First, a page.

We headed out of the town into a valley to the west. This is path B3, which climbs from pasture and into pine forest on the hillside. On the map we used, the hill and ridge are called Bocca di Forno – “The Oven’s Mouth”.

The path curved around the hillside, continuing through pine forest, with some clearings that were full of flowers and butterflies.

The path then descended into the ruins of Castel Mancino, a mysterious 10th-11th century fortress that fell into disuse then became a source of building stones for the village below. Seeing the first ruined tower among the pine trees was like something out of Skyrim. Fab.

And here’s Fran.

Day 2 – Rocca Ridge

This was our main walk. Sainsbury gives his route at 19.5km, but we finished it by looping back onto part of the path we followed yesterday, heading for a bar by a more scenic route, so we did around 22km (about 13.5 miles).

We headed up a valley due south of Pescasseroli, onto path C1, then, leaving behind a farm, onto path C3. The whole landscape here is shaped by transhumance, and we immediately encounterd a herd of white cows grazing among the beech trees by Rifugio della Difesa. There were guarded by a very professional Maremmano who barked at us until we were a decent distance beyong the herd.

Path C3 takes you up through beatiful beech forest, which reminded me of the Amon Hen woodland where Frodo separates himself from the Fellowship in the denouement the first film in the Lord of the Rings trilogy. New Zealand beech (Nothofagus) is in an entirely different botanical family to European beech (Fagus) though.

Although most of these trails are fairly well blazed, especially in the woods, occasionally the markings can be baffling, never mind the fact that the colour coding changes and the route names seem to be being revised. (This pic is probably out of order, can’t remember specifically where it was.)

We continued on, past the slightly sorry church of Santa Maria di Monte Tranquillo (at around 1600m), then up to a high pasture at the fairly derelict, private Rifugio (shelter) di Monte Tranquillo. There, four people on horses passed us, with the leader going all cowboy and chasing a grazing herd higher up the mountainside.

Although it’s hard to capture with a photograph, things got a bit steeper here as we climbed up around Monte Pietroso (1876m).

Fran, who has a kind of steep-slopes-vertigo, suddenly found herself facing one of her worst fears. Even though she’d chosen the route… clearly named “Rocca Ridge” in the book. (Another of her worst fears is formidable dogs. She’s even quite nervous around cows. So, so far, the walk was going well, challenging her fears and phobias!). The path up round Pietroso isn’t clear, but soon you reach the ridge itself.

Shortly after we got up to the highest point of the walk, La Rocca itself, with the 1924m summit marked by a cairn.

We continued along the ridge, heading north along path C5. Fran pushed the pace here as she wanted off. Steep slopes on both sides weren’t an ideal birthday present. (I won’t even mention her anxiety about thunder storms.) It was a fabulous walk though, with flowers everywhere,  including several types of geranium, greater celandine, wild thymes, several types of euphorbia, viper’s bugloss (love that name; it’s great in Italian too – viperina azzurra. Nicer thatn Echium vulgare) and many many others, like wild chives. I never realised chives liked mountaintops that are covered in snow and ice for several months of the year.

And gentians. Such an amazing colour.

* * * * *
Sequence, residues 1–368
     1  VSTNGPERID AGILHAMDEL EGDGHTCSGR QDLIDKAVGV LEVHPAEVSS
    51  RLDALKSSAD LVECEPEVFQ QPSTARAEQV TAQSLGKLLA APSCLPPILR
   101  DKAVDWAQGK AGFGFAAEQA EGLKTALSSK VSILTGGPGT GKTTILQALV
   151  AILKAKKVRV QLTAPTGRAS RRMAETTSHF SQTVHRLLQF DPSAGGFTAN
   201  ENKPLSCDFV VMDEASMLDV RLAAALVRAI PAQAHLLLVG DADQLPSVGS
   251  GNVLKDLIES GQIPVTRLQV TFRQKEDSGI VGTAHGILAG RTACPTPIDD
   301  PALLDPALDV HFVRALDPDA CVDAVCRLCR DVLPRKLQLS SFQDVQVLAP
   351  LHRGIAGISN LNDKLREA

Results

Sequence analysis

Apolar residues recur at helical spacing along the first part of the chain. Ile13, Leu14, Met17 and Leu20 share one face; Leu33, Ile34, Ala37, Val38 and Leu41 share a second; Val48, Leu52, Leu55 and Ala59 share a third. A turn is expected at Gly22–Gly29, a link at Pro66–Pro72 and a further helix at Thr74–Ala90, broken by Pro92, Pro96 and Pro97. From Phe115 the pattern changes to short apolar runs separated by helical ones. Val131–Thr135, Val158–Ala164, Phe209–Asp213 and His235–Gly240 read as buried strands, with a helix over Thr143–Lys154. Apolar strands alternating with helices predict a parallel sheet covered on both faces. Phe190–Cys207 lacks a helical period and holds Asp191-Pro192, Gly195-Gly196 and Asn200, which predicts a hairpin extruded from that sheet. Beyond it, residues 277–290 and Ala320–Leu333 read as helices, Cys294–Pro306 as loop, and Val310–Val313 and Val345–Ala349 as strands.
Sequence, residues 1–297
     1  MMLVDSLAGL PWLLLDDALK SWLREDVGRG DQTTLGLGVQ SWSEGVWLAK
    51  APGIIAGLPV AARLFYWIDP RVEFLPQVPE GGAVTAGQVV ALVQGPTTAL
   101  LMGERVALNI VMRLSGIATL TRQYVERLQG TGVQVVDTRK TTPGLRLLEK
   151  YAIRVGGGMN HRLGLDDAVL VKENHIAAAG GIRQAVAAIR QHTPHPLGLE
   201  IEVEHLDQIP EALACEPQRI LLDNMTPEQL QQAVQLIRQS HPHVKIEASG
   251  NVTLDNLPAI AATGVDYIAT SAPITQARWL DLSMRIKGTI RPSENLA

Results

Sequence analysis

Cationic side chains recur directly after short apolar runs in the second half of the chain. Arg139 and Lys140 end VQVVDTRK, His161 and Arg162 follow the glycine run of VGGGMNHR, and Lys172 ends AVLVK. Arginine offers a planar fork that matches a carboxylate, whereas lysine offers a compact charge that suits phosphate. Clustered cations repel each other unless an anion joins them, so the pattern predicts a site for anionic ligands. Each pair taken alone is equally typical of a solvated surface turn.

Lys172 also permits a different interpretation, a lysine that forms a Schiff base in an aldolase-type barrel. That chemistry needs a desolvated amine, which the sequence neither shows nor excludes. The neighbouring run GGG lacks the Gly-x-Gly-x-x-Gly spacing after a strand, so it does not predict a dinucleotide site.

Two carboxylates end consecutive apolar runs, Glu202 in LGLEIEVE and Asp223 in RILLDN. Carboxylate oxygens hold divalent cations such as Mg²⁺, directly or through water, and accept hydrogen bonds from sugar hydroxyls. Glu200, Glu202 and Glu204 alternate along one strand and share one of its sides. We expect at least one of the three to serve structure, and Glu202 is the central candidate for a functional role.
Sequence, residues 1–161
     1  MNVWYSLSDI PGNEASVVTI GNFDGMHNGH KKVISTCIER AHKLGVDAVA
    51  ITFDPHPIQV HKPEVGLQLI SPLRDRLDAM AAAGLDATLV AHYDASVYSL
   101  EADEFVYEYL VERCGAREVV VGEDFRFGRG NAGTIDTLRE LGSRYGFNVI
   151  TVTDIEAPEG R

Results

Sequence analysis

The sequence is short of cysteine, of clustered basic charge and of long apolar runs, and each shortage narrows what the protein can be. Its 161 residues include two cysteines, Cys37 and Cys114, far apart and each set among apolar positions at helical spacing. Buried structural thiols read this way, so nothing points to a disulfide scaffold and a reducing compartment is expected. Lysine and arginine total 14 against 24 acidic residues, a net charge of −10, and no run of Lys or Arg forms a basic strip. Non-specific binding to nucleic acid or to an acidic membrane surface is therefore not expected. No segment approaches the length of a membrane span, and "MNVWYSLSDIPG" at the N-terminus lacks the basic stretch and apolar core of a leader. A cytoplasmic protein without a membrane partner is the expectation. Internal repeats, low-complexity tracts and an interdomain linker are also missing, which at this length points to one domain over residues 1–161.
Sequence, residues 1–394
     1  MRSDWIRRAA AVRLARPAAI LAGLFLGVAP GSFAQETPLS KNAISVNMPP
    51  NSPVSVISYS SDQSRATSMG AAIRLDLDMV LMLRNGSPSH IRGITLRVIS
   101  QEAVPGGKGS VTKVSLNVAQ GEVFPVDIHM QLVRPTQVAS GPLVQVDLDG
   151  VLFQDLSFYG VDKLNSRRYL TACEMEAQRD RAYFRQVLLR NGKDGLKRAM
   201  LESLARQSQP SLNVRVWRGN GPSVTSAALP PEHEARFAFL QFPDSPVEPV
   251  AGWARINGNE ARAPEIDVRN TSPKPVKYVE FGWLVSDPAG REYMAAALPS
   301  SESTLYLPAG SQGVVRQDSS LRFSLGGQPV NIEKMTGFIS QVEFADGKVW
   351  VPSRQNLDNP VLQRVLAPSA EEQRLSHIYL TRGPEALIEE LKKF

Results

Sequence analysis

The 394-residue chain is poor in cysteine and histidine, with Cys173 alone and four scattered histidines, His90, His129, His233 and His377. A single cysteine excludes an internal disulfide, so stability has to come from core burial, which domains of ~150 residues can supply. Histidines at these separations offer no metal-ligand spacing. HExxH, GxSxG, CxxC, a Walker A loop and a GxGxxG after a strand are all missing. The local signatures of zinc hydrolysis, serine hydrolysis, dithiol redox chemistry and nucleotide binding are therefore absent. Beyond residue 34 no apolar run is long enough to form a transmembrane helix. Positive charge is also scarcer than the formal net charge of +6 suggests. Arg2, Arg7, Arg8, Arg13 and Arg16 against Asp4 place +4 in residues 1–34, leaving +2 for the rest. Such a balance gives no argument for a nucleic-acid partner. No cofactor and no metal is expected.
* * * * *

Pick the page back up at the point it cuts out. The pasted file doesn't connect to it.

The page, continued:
There were even the remants of some snow. If you look at one of the pics above, the beech forest seems to be tinged in Autumnal red, but this is actually withered and dying leaves – I suspect the spring growth was hit by some late snow-fall.

And some more rugged mountain horses. I’ve never seen horses as sure-footed and mountain goat-like as these.

Although there are a few dozen brown bears left in the area, wolves, golden eagles, and allegedly even lynx, our wildlife encounters included some raptors (possibly Buteo buteo, the common buzzard), innumerable butterflies and other insects enjoying the flowers, and swifts whistling around our ears on the ridge. Best of all, however, was thisVulpes vulpes specimen, who came jogging along the the ridge path from the other direction.

We thought he’d run off when saw us, but he kept getting closer, until he stopped at our feet, like a pet dog expecting a treat. I suspect hikers do feed the foxes, hence the behaviour, but it was still a wonderful moment, as foxes are among my favourite animals. I even thought about patting him like a dog until the word “rabies” popped into my mind. He was a very healthy looking specimen though, so it was probably just my turn to be paranoid.

We eventually left the ridge at Rifugio di Lorio (padlocked – apparently you have to get the keys from the park authorities. Which seems pretty silly, to have a shelter you can’t access if you’re caught in a storm). I had a flapjack break, then we started the descent.

Path B4, dropped to the east, took us back into the beech forest and onto path B1, though this seemed to be called something else on the blazes (R7?), just to confuse things.

We even subsequently saw a small, weathered sign pinned to a tree that said we weren’t even supposed to have walked C5, the ridge route, without a guide, as part of the bear conservation programme. Maybe having some info on the park website, pinning the signs at both ends of the park, and, oh, opening the tourist office, might have been a better way to disseminate this info. Presumably none of the other half-dozen hikers we’d seen on the path had received this info either. So Italian.

We descended through the forest, past some ski facilities (absurd looking without snow), then back onto part of the path we’d done yesterday, under the castle ruins. I was craving a beer, but when we finally made it to Pescasseroli’s only birreria they only had foreign muck and industrial beer, so I forwent that essential part of any hike and settled instead for an aperitivo later.

We were joined by another Marammano, presumably retired. These guys are ubiquitious in Pescasseroli, wandering to the streets blagging stuzzichini (aperitivo snacks).

All in all, a great walk. Despite Fran’s uncertainties. Soon forgotten, after a glass and a half of prosecco. (Only a half – a big dog barged the table, smashing the glasss, before Fran could finish her second one.)

We concluded the day with one of the best meals we’ve had in Italy.

(Apologies – the pics are mostly taken on my rubbish phone’s 5MP camera I’m afraid. Fran is the real photographer with the proper DSLR. Maybe she’ll put some on Flickr at some point, and I can link to them.)

11 Comments

Filed under Italy, Main thread